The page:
Legend is the true story of the Kray twins, a pair of gangsters in 1960s London. Following their rise to power and reign of terror, the movie focuses on the love story of one brother (the hot Tom Hardy), the struggles with madness of the other, and the loyalty between the two.
Tom Hardy acts his adorable derriere off in Legend, successfully pulling off being two people at once. While one character is noticeably more developed than the other, it’s rare an actor can swallow a movie of this magnitude. The film is rather light on plot, which is fine because the setting and characters allow you to immerse yourself in 1960’s London and its Cockney accents. Enthralling without the frenetic dialogue, gratuitous violence and schizophrenic cinematography Guy Ritchie is known for, this film actually tackles the real goings-on of gangsters, their relationships, and schizophrenia.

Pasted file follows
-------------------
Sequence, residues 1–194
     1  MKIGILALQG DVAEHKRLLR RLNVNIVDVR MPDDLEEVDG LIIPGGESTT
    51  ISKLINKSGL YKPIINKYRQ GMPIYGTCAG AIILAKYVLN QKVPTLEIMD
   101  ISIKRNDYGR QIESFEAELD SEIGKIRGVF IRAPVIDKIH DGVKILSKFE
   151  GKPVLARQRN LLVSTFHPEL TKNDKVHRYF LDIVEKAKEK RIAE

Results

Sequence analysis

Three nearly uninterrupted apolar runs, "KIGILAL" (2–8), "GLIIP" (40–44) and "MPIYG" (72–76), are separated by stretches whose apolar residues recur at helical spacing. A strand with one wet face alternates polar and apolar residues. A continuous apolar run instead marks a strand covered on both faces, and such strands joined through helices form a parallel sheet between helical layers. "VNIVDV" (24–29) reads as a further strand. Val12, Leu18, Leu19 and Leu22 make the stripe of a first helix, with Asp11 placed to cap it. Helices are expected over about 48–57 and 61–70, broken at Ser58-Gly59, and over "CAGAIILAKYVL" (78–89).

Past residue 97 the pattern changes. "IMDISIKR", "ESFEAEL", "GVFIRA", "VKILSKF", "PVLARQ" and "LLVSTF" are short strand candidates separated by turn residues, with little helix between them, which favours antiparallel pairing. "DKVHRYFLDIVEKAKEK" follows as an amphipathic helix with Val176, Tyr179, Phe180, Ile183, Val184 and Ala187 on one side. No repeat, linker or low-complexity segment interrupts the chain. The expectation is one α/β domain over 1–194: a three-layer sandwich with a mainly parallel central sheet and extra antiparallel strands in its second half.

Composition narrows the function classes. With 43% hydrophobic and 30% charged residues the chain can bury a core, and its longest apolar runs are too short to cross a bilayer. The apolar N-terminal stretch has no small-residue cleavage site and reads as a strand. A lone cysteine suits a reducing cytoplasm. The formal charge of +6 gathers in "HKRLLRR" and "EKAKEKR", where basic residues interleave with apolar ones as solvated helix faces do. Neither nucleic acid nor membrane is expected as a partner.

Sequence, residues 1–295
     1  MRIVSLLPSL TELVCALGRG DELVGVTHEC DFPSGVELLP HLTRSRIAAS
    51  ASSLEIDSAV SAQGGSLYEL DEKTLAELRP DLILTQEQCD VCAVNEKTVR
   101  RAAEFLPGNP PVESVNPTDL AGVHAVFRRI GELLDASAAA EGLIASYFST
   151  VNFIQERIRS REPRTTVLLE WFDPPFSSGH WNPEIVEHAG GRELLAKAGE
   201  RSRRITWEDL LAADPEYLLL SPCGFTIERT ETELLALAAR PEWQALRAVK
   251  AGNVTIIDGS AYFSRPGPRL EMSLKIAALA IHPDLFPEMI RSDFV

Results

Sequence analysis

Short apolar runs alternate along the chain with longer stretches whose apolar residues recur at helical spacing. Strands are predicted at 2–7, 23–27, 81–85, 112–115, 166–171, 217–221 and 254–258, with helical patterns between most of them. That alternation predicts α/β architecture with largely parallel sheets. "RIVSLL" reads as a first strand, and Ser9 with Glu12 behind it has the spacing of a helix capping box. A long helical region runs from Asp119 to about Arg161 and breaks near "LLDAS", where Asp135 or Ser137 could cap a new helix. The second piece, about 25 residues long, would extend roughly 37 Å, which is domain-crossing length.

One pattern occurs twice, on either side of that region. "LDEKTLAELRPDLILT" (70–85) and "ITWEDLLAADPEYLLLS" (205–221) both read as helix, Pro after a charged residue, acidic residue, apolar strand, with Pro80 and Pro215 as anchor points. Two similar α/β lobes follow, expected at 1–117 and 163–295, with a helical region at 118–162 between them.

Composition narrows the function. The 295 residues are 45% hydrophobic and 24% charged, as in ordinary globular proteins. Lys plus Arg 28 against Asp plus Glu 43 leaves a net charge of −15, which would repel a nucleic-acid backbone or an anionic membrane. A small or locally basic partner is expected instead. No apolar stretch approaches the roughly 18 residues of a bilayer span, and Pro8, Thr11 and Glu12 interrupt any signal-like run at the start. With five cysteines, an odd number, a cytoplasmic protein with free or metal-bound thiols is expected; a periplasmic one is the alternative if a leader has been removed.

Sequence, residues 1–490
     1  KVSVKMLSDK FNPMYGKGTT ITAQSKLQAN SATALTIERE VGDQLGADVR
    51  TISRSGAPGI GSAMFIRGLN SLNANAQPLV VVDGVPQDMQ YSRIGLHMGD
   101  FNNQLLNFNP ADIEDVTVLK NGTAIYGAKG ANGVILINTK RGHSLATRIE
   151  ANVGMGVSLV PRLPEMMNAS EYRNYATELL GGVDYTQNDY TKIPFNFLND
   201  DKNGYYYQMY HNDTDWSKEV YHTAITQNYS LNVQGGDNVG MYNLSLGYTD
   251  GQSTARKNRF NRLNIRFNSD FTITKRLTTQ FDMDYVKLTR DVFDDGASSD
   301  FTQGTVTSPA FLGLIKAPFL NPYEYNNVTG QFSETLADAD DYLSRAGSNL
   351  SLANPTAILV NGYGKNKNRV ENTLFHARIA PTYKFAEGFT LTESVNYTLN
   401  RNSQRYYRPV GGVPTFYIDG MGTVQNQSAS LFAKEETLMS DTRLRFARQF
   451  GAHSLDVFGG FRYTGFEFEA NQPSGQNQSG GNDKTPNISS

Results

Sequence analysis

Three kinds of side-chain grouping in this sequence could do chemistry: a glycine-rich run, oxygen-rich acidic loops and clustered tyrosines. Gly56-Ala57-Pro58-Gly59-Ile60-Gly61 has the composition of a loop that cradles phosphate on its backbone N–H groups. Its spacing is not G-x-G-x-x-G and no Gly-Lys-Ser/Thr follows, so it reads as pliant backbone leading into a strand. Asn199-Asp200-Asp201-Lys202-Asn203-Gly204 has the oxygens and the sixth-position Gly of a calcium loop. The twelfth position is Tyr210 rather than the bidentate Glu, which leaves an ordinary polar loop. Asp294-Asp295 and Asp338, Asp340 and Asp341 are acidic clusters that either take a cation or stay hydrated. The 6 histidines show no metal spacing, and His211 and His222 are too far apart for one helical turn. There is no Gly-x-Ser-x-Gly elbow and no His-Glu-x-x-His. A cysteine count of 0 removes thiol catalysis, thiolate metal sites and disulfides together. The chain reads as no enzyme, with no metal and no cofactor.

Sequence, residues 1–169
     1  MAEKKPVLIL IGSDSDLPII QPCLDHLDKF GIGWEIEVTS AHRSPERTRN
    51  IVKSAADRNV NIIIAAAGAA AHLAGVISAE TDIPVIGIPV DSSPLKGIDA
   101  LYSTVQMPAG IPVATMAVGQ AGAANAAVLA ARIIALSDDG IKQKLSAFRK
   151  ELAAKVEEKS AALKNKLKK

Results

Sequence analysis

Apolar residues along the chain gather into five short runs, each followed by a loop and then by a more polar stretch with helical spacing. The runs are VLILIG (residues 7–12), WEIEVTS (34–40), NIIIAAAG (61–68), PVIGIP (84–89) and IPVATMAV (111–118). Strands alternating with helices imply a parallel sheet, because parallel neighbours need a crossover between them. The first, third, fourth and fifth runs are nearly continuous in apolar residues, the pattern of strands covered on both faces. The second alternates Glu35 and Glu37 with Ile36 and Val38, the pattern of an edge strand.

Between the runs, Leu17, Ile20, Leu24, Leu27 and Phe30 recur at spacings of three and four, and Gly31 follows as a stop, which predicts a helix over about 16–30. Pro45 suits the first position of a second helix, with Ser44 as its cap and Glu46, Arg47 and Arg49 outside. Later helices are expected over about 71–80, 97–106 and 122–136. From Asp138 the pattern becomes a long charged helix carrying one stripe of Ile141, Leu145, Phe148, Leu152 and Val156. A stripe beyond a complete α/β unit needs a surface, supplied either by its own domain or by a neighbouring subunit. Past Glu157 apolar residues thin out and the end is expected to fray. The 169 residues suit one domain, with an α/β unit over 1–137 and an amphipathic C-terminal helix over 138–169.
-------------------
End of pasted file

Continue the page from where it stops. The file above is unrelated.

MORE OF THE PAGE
Legend wins points for having lead characters that are gay and gangsters (gaynsters?) without it being the only way these characters are defined. And though it gets points for tackling mental illness, it loses a few when it gets hammy. No points awarded for the female characters who only exist to aid the storylines of the male ones, and points taken away for (gratuitous and historically inaccurate) violence against women.
Overall, Legend is worth seeing, even if the opening production scenes scream film-student, and it sounds as if it was scored by a muzak composer. Great effort by Amazon Studios.